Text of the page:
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History
THE REUNION
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THE REUNION - 1968 FORD MACHINISTS' STRIKE
Sunday 7 September 2003
11.15 am, repeated Friday at 9.00 am

Sue MacGregor meets some of the people involved in the 1968 Ford machinists' strike.

l-r back: Sander Meredeen, Bernie Passingham; l-r front: Lil Grisley, Sue MacGregor, Sheila Douglas, Violet Dawson.



In the summer of 1968 a small group of women at the Ford factory in Dagenham went on strike. They were protesting about the re-grading of their jobs - they felt they'd been treated unfairly compared with the men working in the plant. The women worked as sewing machinists, making seats for the thousands of cars which were produced there. They believed that because they were women, their work wasn't valued and they were determined to get equality. Within weeks they'd come close to stopping production at all Ford's UK plants.

The women's protest was soon taken up as a battle for equal pay and the strike was only ended when Barbara Castle, the Employment Secretary, invited the machinists to take tea in her office and talk over their problems. The women didn't know it, but they were walking into the history books: their protest led directly to the passing of the Equal Pay Act.

Lil Grisley, Sheila Douglas and Violet Dawson remember the hard work and the fun of work in the factory. They recall their outrage when they realised that they were being put in a lower grade than men doing less skilled work. This was an era when it was accepted that women would be paid less than men, but these women were not prepared to accept what they saw as an injustice.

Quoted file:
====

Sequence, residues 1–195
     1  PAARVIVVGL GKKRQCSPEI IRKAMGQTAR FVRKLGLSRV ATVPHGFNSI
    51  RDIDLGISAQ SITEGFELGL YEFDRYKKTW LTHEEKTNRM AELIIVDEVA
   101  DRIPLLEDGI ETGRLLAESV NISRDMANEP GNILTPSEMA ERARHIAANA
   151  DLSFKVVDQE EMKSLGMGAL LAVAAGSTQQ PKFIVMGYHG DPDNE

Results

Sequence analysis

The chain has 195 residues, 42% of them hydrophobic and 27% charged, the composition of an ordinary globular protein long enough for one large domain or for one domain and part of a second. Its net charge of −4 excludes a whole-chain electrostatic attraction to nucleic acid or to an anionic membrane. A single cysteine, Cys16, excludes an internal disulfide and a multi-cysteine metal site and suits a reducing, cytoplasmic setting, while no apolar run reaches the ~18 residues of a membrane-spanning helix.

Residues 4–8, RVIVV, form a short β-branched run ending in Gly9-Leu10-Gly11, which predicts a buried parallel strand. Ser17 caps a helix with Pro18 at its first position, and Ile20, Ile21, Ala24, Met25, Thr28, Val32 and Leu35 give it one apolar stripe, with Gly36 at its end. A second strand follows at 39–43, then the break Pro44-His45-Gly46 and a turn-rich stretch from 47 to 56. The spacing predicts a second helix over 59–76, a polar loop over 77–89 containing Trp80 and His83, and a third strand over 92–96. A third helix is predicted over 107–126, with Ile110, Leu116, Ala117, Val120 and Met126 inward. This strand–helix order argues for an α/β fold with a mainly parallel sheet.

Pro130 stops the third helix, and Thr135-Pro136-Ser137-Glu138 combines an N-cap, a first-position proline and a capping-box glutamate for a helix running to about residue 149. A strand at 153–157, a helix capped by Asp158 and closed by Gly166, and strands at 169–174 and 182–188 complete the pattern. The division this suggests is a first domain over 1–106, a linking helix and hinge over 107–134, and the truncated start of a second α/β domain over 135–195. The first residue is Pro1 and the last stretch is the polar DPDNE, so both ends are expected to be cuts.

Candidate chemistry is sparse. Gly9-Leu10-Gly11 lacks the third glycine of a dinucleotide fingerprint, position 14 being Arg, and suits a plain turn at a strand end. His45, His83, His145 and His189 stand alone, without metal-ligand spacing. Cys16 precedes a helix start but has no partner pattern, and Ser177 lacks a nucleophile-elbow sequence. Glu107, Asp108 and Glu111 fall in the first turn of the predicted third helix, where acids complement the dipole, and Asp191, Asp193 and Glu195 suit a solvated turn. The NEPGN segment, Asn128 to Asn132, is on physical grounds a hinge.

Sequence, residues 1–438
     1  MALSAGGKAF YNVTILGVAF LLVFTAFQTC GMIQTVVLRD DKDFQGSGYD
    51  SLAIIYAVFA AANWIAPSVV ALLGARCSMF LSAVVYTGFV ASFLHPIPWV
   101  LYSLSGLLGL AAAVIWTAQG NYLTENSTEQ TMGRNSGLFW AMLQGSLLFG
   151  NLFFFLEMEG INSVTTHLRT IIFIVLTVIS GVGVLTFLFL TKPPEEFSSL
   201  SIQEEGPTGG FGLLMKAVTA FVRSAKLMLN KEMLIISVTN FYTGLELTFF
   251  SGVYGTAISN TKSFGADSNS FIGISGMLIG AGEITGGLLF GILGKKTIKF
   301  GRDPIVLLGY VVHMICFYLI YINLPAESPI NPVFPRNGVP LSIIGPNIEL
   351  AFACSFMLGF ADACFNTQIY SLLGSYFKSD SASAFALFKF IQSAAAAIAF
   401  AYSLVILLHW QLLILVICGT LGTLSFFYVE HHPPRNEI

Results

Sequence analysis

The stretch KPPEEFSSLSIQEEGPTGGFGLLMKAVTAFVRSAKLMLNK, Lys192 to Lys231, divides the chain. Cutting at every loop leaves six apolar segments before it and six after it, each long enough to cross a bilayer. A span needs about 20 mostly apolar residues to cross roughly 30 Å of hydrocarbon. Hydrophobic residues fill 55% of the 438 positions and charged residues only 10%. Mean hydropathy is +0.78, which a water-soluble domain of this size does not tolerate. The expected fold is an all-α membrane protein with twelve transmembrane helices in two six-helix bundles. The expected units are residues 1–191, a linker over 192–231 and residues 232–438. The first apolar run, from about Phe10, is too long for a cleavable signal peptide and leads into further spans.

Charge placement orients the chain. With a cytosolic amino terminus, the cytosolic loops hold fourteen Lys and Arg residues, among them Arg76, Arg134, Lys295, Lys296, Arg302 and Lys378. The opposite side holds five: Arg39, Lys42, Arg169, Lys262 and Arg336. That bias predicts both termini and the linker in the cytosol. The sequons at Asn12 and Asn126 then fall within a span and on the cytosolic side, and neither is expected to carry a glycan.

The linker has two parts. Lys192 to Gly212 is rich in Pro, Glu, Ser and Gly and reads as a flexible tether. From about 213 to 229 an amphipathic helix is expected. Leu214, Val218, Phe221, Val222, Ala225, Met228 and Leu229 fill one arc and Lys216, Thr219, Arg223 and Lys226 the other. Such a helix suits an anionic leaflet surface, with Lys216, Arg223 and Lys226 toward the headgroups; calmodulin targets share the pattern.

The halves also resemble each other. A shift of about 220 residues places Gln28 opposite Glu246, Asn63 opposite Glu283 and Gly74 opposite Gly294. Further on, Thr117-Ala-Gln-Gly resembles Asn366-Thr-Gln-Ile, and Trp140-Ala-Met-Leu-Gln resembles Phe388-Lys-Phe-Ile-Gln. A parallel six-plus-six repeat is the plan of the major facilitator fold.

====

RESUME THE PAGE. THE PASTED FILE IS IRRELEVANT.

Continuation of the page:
They'd never been on strike before and they remember the excitement and the fear of flexing their political muscles for the first time. They vowed they'd stay out for a year if necessary and declared that they were sure equal pay would come one day.

The weeks of the strike were a time of tension and hardship. Many of the women's husbands worked at Ford and not all of them supported a strike which might lead to them being laid off.

There was fun too: Lil Grisley remembers marching in London with a banner declaring "We Want Sex Equality". "I wondered why I was getting so many hoots from passing lorry drivers, then I realised the last word on the banner was missing".

Violet remembers the meeting with Barbara Castle, who spoke to them all in turn and donated 10.00 to their hardship fund. "When the press had gone, Mrs Castle opened her drinks cabinet and we all had a drink".

The women's Union Convenor was Bernie Passingham. He's reunited with Sander Meredeen, who was a member of Ford management, for the first time in more than 30 years. The two men relive their battles, including the crucial meeting at which Passingham announced the strike was going ahead, and Meredeen told him to "go ahead and do your worst".

The strike had enormous consequences for all working women and led directly to the passing of the Equal Pay Act two years later.

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THE REUNION 2004

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Sue MacGregor
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